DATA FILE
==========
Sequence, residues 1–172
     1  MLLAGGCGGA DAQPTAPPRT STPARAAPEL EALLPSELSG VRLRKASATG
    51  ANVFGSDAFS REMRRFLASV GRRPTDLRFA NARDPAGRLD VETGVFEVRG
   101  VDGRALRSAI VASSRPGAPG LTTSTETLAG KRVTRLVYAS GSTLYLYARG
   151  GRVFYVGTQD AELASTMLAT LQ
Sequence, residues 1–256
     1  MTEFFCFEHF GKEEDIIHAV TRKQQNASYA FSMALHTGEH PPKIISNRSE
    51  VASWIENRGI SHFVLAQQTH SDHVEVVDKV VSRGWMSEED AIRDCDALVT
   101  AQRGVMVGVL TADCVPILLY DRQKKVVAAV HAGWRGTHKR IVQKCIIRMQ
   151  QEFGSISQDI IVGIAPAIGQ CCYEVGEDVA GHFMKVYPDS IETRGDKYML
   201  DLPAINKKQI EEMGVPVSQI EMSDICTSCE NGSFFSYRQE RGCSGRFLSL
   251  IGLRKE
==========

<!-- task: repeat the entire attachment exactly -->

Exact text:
Sequence, residues 1–172
     1  MLLAGGCGGA DAQPTAPPRT STPARAAPEL EALLPSELSG VRLRKASATG
    51  ANVFGSDAFS REMRRFLASV GRRPTDLRFA NARDPAGRLD VETGVFEVRG
   101  VDGRALRSAI VASSRPGAPG LTTSTETLAG KRVTRLVYAS GSTLYLYARG
   151  GRVFYVGTQD AELASTMLAT LQ
Sequence, residues 1–256
     1  MTEFFCFEHF GKEEDIIHAV TRKQQNASYA FSMALHTGEH PPKIISNRSE
    51  VASWIENRGI SHFVLAQQTH SDHVEVVDKV VSRGWMSEED AIRDCDALVT
   101  AQRGVMVGVL TADCVPILLY DRQKKVVAAV HAGWRGTHKR IVQKCIIRMQ
   151  QEFGSISQDI IVGIAPAIGQ CCYEVGEDVA GHFMKVYPDS IETRGDKYML
   201  DLPAINKKQI EEMGVPVSQI EMSDICTSCE NGSFFSYRQE RGCSGRFLSL
   251  IGLRKE